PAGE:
Very-Low-Energy Diets Beneficial for Long-Term Weight Loss

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Researchers found that very-low-energy diets are linked to greater long-term weight loss.
Researchers found that very-low-energy diets are linked to greater long-term weight loss.

(HealthDay News) — Very-low-energy diets seem to be beneficial for long-term weight loss, according to a review published in Obesity Reviews.

Noting that guidelines suggest that very-low-energy diets should be used to treat obesity only when rapid weight loss is clinically indicated, Helen M. Parretti, MD, from the University of Birmingham in the United Kingdom, and colleagues reviewed the literature to examine weight change associated with use of very-low-energy-diets. 

Data were included from randomized trials where the intervention included a very-low-energy-diet and the comparator was no intervention or an intervention that could be given in a general medical setting with overweight adults.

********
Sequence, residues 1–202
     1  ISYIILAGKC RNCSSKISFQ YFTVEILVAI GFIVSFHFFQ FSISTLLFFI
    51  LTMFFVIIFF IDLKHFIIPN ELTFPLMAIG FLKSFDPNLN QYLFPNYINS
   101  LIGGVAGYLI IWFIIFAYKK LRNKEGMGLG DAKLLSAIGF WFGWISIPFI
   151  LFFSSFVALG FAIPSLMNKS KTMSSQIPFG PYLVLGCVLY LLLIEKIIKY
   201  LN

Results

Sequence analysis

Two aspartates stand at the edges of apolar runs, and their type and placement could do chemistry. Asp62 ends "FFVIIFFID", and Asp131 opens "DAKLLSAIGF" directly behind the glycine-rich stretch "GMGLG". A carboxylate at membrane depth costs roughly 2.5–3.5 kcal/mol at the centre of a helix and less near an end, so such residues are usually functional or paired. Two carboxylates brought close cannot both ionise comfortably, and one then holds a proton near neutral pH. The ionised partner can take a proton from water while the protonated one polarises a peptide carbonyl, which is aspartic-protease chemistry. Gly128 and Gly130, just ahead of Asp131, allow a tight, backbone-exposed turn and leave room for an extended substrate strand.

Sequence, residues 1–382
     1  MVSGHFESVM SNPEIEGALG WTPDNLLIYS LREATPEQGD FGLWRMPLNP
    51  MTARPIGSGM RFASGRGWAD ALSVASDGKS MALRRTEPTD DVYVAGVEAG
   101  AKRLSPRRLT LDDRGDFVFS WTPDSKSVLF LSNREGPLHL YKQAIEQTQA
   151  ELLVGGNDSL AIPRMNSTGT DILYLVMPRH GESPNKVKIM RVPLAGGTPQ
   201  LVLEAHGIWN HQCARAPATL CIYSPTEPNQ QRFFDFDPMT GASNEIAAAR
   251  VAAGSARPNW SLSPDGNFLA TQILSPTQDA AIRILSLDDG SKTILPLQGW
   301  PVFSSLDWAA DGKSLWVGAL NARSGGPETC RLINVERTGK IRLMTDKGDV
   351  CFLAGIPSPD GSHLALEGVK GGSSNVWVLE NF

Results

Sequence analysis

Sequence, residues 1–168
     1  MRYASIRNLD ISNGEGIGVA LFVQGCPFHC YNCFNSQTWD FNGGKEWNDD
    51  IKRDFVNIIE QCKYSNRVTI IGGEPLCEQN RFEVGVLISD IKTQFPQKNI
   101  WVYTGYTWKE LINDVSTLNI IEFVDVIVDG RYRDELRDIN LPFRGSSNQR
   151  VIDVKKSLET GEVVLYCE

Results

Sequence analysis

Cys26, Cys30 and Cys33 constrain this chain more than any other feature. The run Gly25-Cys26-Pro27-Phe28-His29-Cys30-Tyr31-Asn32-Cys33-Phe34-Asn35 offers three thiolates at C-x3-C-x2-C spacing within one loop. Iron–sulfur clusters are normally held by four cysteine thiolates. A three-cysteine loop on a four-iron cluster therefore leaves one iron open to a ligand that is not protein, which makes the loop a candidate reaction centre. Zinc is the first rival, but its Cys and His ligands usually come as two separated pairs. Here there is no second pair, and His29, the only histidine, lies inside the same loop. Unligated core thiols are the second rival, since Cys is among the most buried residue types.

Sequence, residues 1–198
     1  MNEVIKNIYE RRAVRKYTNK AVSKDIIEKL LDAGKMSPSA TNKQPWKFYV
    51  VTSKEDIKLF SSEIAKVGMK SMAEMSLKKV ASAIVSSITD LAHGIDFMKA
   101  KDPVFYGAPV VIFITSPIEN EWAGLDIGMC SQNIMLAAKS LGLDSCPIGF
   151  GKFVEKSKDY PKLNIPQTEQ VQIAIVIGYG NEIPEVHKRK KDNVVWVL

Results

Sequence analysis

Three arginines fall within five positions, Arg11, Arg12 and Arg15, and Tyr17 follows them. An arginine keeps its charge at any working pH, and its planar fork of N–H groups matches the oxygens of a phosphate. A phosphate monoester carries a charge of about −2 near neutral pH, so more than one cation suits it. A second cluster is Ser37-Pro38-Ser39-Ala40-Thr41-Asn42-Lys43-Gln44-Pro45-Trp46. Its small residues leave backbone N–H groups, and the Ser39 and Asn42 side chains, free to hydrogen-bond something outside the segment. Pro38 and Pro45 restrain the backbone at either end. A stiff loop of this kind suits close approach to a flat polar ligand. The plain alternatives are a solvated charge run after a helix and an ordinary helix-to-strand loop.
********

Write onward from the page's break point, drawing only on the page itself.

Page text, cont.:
The researchers found that very-low-energy diets combined with a behavioral program achieved –3.9 kg at 1 year compared with a behavioral program alone. At 24 months and 38 to 60 months, the differences were –1.4 kg and −1.3 kg, respectively. 

Premature discontinuation of treatment occurred in 19% and 20% of the very-low-energy diet and comparator groups, respectively (relative risk=0.96; 95% CI, 0.56-1.66). There was 1 serious adverse event in the very-low-energy diet group (hospitalization with cholecystitis) and none in the comparator group.

"Very-low-energy diets with behavioral programs achieve greater long-term weight loss than behavioral programs alone, appear tolerable, and lead to few adverse events, suggesting they could be more widely used than current guidelines suggest," the researchers wrote.

Several authors disclosed financial ties to the weight loss industry.

Reference

  1. Parretti HM, Jebb SA, Johns DJ, Lewis AL, Christian-Brown AM, Aveyard P. Clinical effectiveness of very-low-energy diets in the management of weight loss: a systematic review and meta-analysis of randomized controlled trials. Obes Rev. 2016;doi:10.1111/obr.12366.
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